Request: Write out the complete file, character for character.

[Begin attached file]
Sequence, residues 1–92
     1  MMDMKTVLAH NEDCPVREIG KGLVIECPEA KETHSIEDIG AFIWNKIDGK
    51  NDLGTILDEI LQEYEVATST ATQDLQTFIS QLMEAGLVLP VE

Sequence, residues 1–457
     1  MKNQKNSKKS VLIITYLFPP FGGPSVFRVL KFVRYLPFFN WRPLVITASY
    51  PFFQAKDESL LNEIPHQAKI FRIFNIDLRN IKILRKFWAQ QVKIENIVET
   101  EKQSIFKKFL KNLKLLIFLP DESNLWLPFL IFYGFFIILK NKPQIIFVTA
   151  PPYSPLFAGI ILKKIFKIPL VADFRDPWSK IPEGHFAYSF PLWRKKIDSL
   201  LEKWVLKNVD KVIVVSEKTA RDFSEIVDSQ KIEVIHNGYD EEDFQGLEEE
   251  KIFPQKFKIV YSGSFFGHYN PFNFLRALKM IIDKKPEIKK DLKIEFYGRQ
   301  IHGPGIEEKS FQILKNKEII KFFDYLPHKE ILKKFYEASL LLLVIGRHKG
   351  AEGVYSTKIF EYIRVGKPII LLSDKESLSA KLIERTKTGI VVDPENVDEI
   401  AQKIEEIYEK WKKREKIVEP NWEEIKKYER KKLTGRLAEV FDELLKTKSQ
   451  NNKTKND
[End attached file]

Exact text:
Sequence, residues 1–92
     1  MMDMKTVLAH NEDCPVREIG KGLVIECPEA KETHSIEDIG AFIWNKIDGK
    51  NDLGTILDEI LQEYEVATST ATQDLQTFIS QLMEAGLVLP VE

Sequence, residues 1–457
     1  MKNQKNSKKS VLIITYLFPP FGGPSVFRVL KFVRYLPFFN WRPLVITASY
    51  PFFQAKDESL LNEIPHQAKI FRIFNIDLRN IKILRKFWAQ QVKIENIVET
   101  EKQSIFKKFL KNLKLLIFLP DESNLWLPFL IFYGFFIILK NKPQIIFVTA
   151  PPYSPLFAGI ILKKIFKIPL VADFRDPWSK IPEGHFAYSF PLWRKKIDSL
   201  LEKWVLKNVD KVIVVSEKTA RDFSEIVDSQ KIEVIHNGYD EEDFQGLEEE
   251  KIFPQKFKIV YSGSFFGHYN PFNFLRALKM IIDKKPEIKK DLKIEFYGRQ
   301  IHGPGIEEKS FQILKNKEII KFFDYLPHKE ILKKFYEASL LLLVIGRHKG
   351  AEGVYSTKIF EYIRVGKPII LLSDKESLSA KLIERTKTGI VVDPENVDEI
   401  AQKIEEIYEK WKKREKIVEP NWEEIKKYER KKLTGRLAEV FDELLKTKSQ
   451  NNKTKND